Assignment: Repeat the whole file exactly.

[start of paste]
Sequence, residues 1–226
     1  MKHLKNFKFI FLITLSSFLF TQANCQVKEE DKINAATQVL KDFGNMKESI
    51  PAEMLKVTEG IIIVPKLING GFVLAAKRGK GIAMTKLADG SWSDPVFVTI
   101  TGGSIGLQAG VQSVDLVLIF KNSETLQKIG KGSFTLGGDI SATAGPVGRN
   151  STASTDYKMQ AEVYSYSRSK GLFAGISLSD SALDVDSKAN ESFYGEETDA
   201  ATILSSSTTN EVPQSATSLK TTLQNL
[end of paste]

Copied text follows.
Sequence, residues 1–226
     1  MKHLKNFKFI FLITLSSFLF TQANCQVKEE DKINAATQVL KDFGNMKESI
    51  PAEMLKVTEG IIIVPKLING GFVLAAKRGK GIAMTKLADG SWSDPVFVTI
   101  TGGSIGLQAG VQSVDLVLIF KNSETLQKIG KGSFTLGGDI SATAGPVGRN
   151  STASTDYKMQ AEVYSYSRSK GLFAGISLSD SALDVDSKAN ESFYGEETDA
   201  ATILSSSTTN EVPQSATSLK TTLQNL